We chat to Eva Calduch and Agust Juste, co-founders of Behomm – a home exchange website aimed solely at creatives – about trading their highly curated abodes with perfect strangers.
Urbis: What is Behomm?
Eva Calduch: Behomm is a worldwide home exchange community for designers, visual artists and people in creative industries. There is no money transferred between members. You stay for free, they stay for free, the site just works as a middle-man and all featured homes are by invitation only, meaning it is low-risk and we control the quality of the houses accepted into the site. Right now we have more than 1300 members in 53 different countries including eight amazing homes in New Zealand. Our existing members love your weather and wonderful sea!
U: Where did the idea come from?
Agust Juste: We personally needed something like it… we are graphic designers and are passionate about home exchanges. We were tired of searching for people like us, with a love for aesthetics, on other sites.
U: How do you select the houses for the site?
EC: Since the site acts as a private community where security and aesthetics are crucial to members, new members go through a selection process. Aesthetic criteria is totally subjective and by no means is our taste the best one or the right one, but it is this pre-selection that makes Behomm different to our competitors, and members appreciate it. We believe that aesthetics has nothing to do with luxury. A tiny home with secondhand furniture can be more beautiful than a castle. Behomm is not a luxury site, in fact, we are always happy when a beautiful, small home registers!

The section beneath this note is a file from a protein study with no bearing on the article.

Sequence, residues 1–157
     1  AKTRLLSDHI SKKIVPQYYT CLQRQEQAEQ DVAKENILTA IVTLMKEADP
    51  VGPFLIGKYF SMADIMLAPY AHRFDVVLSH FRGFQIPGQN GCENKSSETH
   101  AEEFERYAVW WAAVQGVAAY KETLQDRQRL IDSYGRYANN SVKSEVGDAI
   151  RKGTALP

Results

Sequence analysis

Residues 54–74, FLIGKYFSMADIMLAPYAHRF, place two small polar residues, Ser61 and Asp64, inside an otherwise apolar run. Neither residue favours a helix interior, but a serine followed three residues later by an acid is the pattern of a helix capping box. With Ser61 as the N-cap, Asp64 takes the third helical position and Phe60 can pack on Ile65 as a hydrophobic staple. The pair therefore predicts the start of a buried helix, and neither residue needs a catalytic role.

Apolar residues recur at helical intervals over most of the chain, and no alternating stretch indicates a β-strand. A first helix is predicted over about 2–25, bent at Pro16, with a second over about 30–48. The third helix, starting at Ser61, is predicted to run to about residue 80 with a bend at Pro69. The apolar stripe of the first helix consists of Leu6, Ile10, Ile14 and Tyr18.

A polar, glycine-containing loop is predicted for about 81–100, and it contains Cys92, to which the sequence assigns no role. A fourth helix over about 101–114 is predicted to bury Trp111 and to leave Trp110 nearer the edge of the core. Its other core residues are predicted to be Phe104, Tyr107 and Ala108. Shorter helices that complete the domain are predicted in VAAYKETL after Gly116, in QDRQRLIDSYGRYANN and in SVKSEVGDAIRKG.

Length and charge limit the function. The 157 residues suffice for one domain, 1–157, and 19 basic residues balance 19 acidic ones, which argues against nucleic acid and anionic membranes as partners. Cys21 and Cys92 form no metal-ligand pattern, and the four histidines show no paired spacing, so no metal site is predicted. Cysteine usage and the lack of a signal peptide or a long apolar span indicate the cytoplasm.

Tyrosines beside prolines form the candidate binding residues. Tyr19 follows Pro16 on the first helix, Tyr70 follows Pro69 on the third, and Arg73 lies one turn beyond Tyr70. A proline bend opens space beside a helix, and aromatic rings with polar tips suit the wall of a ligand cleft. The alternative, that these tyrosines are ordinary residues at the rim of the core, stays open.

U: What motivates your users to open up their carefully curated houses to perfect strangers?
AJ: The first home exchange is always a mixture of nervousness and excitement. But after an initial exchange, you’ll reaffirm your faith in human beings! Plus, you’ll enjoy life without paying any money for accommodation and people get hooked. Usually before people exchange homes, they will email their exchange guests to agree on details, so they get to know them well enough that they should no longer be complete strangers. Obviously, there are people more attached to material things than others. For some people it is easier to share their things and for others it
U: It must be interesting for, say, an artist to temporarily live in the home of an architect from another country: among the objects, books, music, art that influence someone else’s creative work… it’s like a silent creative collaboration.
EC: Certainly. This is something you don’t find in rental homes or hotels. Sometimes we don’t want to leave the houses we exchange because we want to continue reading their books and watching their movies. Experienced exchangers usually leave their favourite magazines, books and music on the living room table so their guests can easily find them, along with the valuable tips they share of the local area that you won’t find in any guidebook.
U: What has been your most memorable house-swapping experience and what made it so?
AJ: Maybe the most outstanding memories are those related to the people, the owners you meet, more than the cities or landscapes you enjoy. Because home exchange gives you something any hotel or rental place won’t offer you: the experience of entering somebody’s life. One of our first home exchanges was a landscape architect’s home in Florence, Italy. She lived in her grandparents’ three-storey building. Her sister lives on the top floor, her mother lives on the bottom one. The family invited us to a delicious supper and the grandmother cooked lasagna for us. They set the table with beautiful linen and flowers. We have remained good friends with them and we have seen each other several times since. That’s what it’s all about, making personal connections that cross oceans, continents and cultures. This is the way of the future for travel – sharing friends and homes with no money in between – it makes the world a more friendly place… but maybe we are fools.